11 Focus groups: While informal dialogues with participants occur throughout the evaluation, focus groups are a valuable method for eliciting their experiences. Depending on the relations among program staff, focus groups with staff may prove less useful. Staff may be more reluctant to express their views and concerns in a group context. This is especially true when the program experiences high personnel turnover or other internal tensions. However, when similarly positioned staff members are able to participate comfortably in focus group, evaluators may gain valuable information and insight. Longitudinal participant surveys: Participant surveys administered at point of entry and repeated after they have completed the program are invaluable for obtaining important measures of program outcomes. It is important to include in these surveys participants who failed to complete or dropped out of the program. These data also help identify participant attributes associated with different outcomes. Programs may be more or less effective with certain cohorts of participants, and this information is particularly important to the success of any program redesign efforts. Staff interviews: Structured interviews with front-line staff remain a primary method of collecting data on their attitudes and beliefs about their participants, their understandings of the goals and content of their work, and perspectives on their own morale and job satisfaction. These interviews may be repeated over the course of the evaluation to gain additional insight into the program s evolution. Assessing the Information System Every social program is expected, and is often required by its sponsors, to develop an information system that keeps track of its participants and services. Nonetheless, our experience has shown that most social programs struggle to develop and maintain an adequate management information system (MIS) a system that accurately records relevant attributes of the participants being served and the services they receive while providing for timely retrievals of the data for monitoring and analysis. Even when the program has an operating MIS, data collection is often geared toward meeting funding requirements rather than toward monitoring and evaluation of the program. Indeed, even under the best of circumstances, program managers and staff seldom use the data 9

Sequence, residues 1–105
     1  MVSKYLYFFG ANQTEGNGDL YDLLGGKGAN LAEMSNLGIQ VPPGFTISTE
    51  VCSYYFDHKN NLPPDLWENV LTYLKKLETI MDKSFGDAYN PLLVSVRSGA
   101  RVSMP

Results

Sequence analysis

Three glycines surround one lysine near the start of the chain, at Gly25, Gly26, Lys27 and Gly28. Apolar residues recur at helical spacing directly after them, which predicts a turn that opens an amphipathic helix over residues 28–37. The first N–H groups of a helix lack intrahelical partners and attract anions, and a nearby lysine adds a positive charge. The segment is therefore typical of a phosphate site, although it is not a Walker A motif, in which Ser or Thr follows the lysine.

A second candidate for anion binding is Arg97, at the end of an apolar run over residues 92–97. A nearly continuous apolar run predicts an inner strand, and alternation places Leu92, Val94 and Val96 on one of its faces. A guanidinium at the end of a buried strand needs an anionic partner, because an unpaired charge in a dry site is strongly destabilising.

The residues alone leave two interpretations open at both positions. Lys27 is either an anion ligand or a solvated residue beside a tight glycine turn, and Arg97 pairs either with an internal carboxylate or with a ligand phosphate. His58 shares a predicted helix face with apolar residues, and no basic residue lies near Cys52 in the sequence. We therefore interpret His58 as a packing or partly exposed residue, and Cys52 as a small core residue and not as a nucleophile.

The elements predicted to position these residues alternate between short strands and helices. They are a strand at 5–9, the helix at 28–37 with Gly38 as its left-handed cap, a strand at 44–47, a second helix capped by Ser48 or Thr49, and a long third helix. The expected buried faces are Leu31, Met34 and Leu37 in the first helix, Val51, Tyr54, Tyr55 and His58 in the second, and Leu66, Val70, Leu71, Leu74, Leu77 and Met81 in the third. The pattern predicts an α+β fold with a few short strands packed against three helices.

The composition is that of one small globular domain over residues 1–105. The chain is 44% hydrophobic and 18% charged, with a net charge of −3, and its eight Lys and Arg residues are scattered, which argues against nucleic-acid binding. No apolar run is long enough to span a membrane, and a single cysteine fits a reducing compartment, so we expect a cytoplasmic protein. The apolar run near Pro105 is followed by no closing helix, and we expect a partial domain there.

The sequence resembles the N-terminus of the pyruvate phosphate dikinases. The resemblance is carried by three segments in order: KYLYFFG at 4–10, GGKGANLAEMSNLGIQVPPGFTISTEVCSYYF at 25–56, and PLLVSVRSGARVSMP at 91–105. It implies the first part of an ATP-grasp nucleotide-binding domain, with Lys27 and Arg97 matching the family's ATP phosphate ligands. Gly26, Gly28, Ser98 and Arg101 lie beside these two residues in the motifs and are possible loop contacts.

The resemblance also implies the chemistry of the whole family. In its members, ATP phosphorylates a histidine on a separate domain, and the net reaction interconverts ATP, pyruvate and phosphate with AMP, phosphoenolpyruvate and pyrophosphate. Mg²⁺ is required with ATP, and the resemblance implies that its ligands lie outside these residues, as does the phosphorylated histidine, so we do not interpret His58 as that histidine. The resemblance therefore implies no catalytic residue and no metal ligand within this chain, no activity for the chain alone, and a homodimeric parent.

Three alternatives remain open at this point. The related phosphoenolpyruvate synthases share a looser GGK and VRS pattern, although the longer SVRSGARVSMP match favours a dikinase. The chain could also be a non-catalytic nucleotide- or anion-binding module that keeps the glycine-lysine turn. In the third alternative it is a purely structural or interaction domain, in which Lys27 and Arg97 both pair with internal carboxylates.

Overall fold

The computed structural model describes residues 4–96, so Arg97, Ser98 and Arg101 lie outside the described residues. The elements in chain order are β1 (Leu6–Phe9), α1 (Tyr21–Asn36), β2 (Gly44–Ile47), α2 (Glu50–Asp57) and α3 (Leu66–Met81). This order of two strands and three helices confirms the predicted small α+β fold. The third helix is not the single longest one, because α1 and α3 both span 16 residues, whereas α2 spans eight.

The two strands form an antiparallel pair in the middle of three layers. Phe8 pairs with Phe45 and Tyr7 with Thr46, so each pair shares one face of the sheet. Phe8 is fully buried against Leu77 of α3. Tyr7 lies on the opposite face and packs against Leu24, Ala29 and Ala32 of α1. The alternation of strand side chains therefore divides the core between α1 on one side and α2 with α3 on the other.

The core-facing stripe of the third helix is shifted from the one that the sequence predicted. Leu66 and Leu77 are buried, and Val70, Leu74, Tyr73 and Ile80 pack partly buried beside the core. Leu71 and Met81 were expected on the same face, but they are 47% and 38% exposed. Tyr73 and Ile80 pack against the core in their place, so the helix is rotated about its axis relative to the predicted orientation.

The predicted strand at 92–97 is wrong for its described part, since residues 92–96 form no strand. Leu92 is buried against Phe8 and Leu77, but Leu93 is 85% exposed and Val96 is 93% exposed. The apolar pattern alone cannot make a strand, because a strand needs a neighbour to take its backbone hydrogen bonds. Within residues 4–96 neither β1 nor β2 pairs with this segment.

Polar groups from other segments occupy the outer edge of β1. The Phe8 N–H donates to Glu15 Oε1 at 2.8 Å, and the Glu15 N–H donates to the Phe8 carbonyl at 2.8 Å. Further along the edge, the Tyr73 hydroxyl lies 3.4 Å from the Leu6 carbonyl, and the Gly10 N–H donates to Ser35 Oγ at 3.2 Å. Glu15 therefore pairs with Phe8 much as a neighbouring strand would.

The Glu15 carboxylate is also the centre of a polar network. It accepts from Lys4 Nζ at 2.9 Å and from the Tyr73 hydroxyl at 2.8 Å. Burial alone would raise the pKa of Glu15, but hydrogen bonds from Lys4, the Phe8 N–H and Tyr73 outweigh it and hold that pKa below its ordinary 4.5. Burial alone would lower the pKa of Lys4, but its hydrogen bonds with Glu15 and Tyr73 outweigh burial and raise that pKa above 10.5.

12 for self-assessment, analysis, and self-learning. The multiple functions of participatory evaluation assessing the effectiveness of the program, serving as a catalyst for organizational innovation and change, and promoting organizational self-learning require that the evaluator ensure that the data collection is aligned with the evaluation goals. In an early review of the MIS at Challenge, the evaluators noted that the case managers used a rather haphazard mixture of manual and computerized record keeping to track their initial and on-going work with participants. In effect, this meant that they could not easily access all the information they needed about individual participants or their caseloads as a whole. Furthermore, they entered information about employment and job retention into a separate database. Because the data entered into these databases were often also incomplete, partial, and sometimes redundant, it was not surprising that many of their statistics about their participants attributes and their employment and retention rates were inaccurate. While staff recognized the inadequacies of their system, they were overwhelmed by the prospect of making a major change. The evaluators were able to work with them to develop a step-by-step plan for improving their data collection procedures; a plan that they felt they would be able begin implementing immediately. One of the first phases in the evaluation is a detailed review of the program s MIS. The review identifies what and how data are collected, how reliable and valid the data are, and how are they stored and retrieved. The assessment also enables evaluators to ascertain how much of the data required by the evaluation can be provided by the existing MIS. This review is done jointly with program managers and staff in order to understand their experiences with the MIS and to learn about their information needs. This process is an important learning opportunity. The evaluators can demonstrate what a well-designed MIS can do, bring examples from the field, and expose the staff to current information technologies. By involving them in the review process, the evaluators also help staff take an active role in specifying their own information needs, explaining how they can be met through the MIS. Such a review often precipitates a more detailed analysis of the entire service delivery system, pointing to redundancies as well as gaps. 10